I can hardly bear to place digit upon keyboard today, as I sit in utter shock over the events which took place a mere two weeks ago. I am referring to my trip to Clayton, New York, a quaint village in the region known as “The Thousand Islands” – or so they want you to believe. Today I am here to uncover a dastardly hoax that has been perpetrated for hundreds of years, something that will blow the lid off the tourism industry. You see, on my visit I made a tally of the islands; and I am here to report that they are two islands short!
Not a Grudge
Mind you, this is not a grudge or anything of that nature. I thoroughly enjoyed my visit. The towns in which I stopped were lovely. The stores were charming. The restaurants offered a wide variety of cuisines at reasonable prices.
The landscape was equally charming, with its abundant fall foliage and waterfront vistas – a vacationer’s paradise!
The people were friendly, hospitable and attractive. I was told that some celebrities often stayed there to enjoy its tranquil lifestyle.
Then why do I feel so irate? Why does the lust to expose this sinister behavior burn so deep inside of me? It’s simple: I cannot bear to live knowing that if I do not speak up, I am part of the lie.
So, today I blow the whistle. There are only 998 islands in “The Thousand Islands!”
(You may come back and read the rest later if this is too hard to take and you need to catch your breath.)
Trust me, I was thorough in my research of the matter. I looked at every sign, browsed every map, and recorded the names of each and every bit of land, loosely called an “island,” no matter how tiny.
I checked, double-checked, and re-double-checked (which is either triple-checking or quadruple-checking, depending upon how you do the math) and my results were always the same: 998.
This was not an easy task. It took all day, and there were so many distraction along the way:
The Bird Lady The Pretzel Nuggets Ship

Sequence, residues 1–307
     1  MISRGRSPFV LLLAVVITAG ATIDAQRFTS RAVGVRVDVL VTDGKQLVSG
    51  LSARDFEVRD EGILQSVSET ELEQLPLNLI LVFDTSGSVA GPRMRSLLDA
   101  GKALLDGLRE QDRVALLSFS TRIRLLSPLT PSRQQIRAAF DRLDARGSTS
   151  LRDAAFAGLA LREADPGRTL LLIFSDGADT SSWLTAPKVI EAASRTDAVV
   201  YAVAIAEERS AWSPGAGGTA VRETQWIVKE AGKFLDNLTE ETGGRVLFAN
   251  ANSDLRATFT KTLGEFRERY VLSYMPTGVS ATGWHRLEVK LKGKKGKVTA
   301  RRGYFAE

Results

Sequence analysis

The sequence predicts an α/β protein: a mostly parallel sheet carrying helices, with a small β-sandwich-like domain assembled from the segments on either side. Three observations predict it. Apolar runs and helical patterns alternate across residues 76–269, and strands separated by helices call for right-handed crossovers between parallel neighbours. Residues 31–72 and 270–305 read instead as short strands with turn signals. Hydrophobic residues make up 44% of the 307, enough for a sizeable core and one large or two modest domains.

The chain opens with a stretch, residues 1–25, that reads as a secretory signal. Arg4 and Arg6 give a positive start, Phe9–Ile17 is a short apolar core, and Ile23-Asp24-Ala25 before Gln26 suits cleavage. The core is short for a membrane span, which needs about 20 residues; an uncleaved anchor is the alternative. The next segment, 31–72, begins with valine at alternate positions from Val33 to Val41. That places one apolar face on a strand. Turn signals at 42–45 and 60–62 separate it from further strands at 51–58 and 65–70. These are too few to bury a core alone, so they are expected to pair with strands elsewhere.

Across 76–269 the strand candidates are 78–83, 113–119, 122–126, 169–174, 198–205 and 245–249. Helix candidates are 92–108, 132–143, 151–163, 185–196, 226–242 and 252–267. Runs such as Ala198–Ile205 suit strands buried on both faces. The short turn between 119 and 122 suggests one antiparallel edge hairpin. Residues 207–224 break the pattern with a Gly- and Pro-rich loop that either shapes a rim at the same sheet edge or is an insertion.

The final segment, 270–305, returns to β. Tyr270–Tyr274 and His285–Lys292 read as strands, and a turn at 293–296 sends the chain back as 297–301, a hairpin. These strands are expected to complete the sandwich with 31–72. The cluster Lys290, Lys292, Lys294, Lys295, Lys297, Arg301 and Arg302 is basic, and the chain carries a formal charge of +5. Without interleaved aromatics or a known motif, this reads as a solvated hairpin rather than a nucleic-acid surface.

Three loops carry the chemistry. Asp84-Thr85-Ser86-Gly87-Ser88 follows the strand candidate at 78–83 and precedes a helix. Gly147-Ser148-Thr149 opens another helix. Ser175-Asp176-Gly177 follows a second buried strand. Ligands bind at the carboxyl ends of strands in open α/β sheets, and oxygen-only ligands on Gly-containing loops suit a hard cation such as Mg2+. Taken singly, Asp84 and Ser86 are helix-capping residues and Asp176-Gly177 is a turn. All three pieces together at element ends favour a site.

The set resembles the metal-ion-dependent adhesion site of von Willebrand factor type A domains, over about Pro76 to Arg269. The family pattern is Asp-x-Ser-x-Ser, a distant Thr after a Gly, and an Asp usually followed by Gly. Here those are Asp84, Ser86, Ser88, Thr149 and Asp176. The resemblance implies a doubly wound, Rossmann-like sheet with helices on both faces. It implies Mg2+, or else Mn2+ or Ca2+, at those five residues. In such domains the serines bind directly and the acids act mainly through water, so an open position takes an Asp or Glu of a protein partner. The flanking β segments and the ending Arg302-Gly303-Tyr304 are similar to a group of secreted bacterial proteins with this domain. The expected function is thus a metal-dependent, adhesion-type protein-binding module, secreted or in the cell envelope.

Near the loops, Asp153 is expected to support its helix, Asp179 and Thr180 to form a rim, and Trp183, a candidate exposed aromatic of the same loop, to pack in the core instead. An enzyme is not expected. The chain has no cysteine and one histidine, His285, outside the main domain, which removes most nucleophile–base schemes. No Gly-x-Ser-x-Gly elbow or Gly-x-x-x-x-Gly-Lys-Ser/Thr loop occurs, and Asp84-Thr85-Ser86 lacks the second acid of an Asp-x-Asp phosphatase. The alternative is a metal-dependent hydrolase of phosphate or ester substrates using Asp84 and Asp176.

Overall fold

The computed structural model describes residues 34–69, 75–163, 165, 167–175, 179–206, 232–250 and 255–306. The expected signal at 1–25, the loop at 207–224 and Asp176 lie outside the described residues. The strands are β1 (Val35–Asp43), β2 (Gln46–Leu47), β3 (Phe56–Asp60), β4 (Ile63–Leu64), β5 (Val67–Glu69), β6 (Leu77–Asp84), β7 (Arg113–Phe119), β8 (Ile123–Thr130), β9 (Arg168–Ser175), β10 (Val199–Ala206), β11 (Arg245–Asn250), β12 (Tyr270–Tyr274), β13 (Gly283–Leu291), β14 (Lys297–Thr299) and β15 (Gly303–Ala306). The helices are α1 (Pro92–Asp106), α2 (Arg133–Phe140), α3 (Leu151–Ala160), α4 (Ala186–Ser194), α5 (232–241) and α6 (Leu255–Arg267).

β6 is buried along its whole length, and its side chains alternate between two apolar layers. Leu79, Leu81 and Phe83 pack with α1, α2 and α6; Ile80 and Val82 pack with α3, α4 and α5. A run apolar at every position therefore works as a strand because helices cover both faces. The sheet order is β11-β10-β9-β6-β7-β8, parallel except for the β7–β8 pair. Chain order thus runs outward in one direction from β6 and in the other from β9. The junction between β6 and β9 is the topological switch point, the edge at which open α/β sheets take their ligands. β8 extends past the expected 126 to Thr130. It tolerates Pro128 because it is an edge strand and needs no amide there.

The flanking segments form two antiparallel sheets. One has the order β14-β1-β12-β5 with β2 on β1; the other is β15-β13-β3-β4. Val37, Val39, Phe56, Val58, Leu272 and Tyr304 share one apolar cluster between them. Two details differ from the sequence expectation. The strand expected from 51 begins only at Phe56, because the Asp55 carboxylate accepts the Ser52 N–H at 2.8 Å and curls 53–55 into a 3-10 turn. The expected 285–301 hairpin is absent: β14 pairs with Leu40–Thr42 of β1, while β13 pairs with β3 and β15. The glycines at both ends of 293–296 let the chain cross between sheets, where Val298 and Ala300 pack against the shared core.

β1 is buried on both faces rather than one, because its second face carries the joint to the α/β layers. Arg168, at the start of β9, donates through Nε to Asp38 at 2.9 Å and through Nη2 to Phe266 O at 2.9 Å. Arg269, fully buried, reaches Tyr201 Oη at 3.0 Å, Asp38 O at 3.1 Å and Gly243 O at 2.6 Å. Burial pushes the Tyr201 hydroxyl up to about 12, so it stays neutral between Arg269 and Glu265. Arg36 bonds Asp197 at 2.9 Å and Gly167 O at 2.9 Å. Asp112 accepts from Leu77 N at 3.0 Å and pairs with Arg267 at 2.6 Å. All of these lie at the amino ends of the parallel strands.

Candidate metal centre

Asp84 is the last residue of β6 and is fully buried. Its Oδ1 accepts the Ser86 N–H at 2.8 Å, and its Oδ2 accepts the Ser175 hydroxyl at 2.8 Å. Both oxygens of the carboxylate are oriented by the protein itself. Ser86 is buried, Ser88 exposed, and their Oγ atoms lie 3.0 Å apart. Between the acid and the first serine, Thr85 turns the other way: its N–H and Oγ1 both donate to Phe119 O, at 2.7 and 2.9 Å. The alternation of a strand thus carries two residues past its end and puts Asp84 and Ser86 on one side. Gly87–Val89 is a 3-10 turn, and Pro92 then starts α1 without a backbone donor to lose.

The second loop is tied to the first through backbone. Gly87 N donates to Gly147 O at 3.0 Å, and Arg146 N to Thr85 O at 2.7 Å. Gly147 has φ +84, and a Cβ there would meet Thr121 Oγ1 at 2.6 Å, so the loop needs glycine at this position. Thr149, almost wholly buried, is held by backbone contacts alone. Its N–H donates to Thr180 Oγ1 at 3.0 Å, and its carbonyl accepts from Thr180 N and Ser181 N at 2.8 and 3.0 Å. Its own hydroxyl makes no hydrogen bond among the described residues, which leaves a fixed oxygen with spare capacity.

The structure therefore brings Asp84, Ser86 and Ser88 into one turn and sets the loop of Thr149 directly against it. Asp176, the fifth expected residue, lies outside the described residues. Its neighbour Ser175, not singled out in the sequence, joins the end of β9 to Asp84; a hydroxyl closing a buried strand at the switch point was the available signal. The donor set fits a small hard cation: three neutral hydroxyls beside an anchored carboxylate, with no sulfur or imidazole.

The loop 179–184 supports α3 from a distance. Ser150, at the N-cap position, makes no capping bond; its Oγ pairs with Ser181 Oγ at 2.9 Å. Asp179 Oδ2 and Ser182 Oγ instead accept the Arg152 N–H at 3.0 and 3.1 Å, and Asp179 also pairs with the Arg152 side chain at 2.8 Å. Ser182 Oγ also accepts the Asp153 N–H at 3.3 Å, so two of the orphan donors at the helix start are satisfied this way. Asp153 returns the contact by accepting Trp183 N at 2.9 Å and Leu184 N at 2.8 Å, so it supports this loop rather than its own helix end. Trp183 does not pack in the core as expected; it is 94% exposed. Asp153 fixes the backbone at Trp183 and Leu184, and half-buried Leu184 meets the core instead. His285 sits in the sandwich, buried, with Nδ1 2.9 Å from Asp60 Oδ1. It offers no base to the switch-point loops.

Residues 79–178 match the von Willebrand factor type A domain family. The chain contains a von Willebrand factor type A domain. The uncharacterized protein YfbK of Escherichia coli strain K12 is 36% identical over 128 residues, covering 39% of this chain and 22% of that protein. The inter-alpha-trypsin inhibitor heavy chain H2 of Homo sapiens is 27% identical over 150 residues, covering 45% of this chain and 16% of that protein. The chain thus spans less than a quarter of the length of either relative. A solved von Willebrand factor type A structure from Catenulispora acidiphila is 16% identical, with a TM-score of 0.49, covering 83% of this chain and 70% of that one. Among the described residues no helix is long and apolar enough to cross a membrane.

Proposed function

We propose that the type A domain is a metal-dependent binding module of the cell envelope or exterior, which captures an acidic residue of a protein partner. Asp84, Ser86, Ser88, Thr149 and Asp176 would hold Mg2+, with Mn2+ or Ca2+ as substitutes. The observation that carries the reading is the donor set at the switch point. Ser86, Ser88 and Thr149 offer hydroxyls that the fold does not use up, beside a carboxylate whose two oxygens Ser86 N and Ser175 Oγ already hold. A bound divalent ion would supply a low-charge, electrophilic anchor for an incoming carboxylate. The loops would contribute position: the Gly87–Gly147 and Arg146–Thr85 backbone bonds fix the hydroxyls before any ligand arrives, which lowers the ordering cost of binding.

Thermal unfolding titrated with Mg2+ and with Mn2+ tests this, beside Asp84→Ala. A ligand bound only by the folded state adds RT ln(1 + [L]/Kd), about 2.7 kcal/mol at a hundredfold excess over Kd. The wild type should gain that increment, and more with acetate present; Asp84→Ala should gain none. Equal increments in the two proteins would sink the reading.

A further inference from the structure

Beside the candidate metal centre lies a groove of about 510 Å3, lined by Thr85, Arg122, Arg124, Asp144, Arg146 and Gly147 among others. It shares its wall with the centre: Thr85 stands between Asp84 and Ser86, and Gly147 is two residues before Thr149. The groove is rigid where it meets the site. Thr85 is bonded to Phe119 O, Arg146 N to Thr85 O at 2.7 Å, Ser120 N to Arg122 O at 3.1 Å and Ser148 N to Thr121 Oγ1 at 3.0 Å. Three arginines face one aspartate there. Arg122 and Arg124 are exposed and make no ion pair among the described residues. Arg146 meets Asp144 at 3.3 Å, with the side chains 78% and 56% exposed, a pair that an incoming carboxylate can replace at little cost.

Strange-colored Chairs Machines with No Slots in Them
Oh, I suppose I could just shut up, keep it all bottled up inside and save them a ton of money – if word gets out (and it just might) they will have to change all their flyers and brochures, maps, business cards and stationery. And I realize that is so much easier to say “The Thousand Islands” than to say “The Nine Hundred Ninety-Eight Islands.” Those extra four syllables will probably cost them a lot of extra just in the cost of ink alone, and they might not be able to fit it on T-shirts anymore. But is that my fault or theirs? You tell me!
Right and Wrong
What it all boils down to is a question of right and wrong, and the degrees of honesty that are acceptable. I am not naïve. I realize that everyone lies: “Wow, this is one great Christmas present,” “No, that zit isn’t noticeable at all,” “This is the best product on the market,” “You can trust Congress – we are working for the good of the American people.” What are we willing to accept?
Oh I realize that it doesn’t make sense to be stubborn and pig-headed. Bad things could happen like the country going broke every few months while we focus upon which Hollywood starlet has the biggest diamond rings and still hasn’t shed her pregnancy weight. That could never happen, could it?
So, I suppose that the noble thing to do in this case is to bite the bullet and strike a compromise. After all, they could make the mathematical argument that they were just “rounding up to the closest number.” I can accept that – as long as they refund me 0.2% of what I spent that day, the refund being equal to the 2 islands that I did not see.
Sounds fair to me.
SMILE! ( I write that in case anyone doesn’t realize it’s supposed to be funny)